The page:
There are so many answers to this question: the fact that it is representative of a tranche of current British society not yet portrayed widely elsewhere in British media; it’s the product of this age of social media and self promotion; it reflects modern dating habits where we have more options at our finger tips than ever before…and so on.
But a big reason which is rarely discussed is the feel-good factor – a reason which only dawned on me this weekend as I caught up with the series’s latest episodes.
I’m not afraid to say I’m a pretty intellectual person and goddammit, I watch Love Island. I have a breadth of knowledge sufficiently vast to not only discuss the dangers of the narcissism encouraged by the show, but also recount the ancient Greek myth which serves as the origin of the word ‘narcissism’*. And whilst the routine pieing and head-turning doesn’t hold a mirror up to my own dating habits or exhibit anything to which I can really relate on an engaging level, it does noticeably give me a new-found confidence which manifests itself if a multitude of ways.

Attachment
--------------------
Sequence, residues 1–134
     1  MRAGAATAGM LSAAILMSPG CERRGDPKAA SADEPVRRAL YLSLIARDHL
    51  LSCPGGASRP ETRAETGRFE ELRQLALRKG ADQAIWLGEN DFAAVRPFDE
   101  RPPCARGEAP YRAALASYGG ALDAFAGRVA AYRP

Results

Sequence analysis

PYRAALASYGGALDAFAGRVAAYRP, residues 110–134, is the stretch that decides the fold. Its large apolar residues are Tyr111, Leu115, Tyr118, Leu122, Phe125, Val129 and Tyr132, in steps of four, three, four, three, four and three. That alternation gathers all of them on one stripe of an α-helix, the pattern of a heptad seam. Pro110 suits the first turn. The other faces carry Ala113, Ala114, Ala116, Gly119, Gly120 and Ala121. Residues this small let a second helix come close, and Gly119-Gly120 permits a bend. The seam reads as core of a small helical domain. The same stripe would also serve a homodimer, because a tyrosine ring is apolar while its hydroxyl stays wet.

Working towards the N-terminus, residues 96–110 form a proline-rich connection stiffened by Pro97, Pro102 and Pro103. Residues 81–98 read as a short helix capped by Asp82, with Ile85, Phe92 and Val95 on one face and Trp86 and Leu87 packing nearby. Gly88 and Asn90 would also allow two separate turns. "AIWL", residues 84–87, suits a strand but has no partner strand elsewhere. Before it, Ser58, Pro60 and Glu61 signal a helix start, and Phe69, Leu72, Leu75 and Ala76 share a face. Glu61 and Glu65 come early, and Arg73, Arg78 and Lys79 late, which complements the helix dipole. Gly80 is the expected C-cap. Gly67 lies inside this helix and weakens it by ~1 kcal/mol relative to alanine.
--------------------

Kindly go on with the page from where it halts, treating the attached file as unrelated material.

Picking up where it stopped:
Last summer when the show was on, I found myself overhauling my wardrobe and including shades so bright you needed sunglasses just to admire them. I’m in a job where I’m required to dress quite frumpish, and up to last summer the sepia tones, baggy unflattering shapes and cardigans which were precisely the opposite of eye-catching had begun to seep into my casual weekend-wear. In my pre-work days, I was never afraid of trying a new pattern or flashing a bit of skin where necessary, but those days had passed as professional commitments came knocking and I was lucky if I had time to wash my hair, let alone style it (I went through a hazardous volume of dry shampoo). But whilst watching the fifth series of Love Island, I really began to reflect on which version of myself I was projecting to the world in all my browns and greys. There on my screen were girls my age, clad in skin tight fluorescent green whilst I was going out on a Saturday night in a figure-hiding top and midi skirt. I was never going to go so far as to wear pvc to my local, but seeing these girls unapologetically illuminating the Mallorcan skyline on a nightly basis with their choice of eye-popping hues really inspired me to start dressing my age.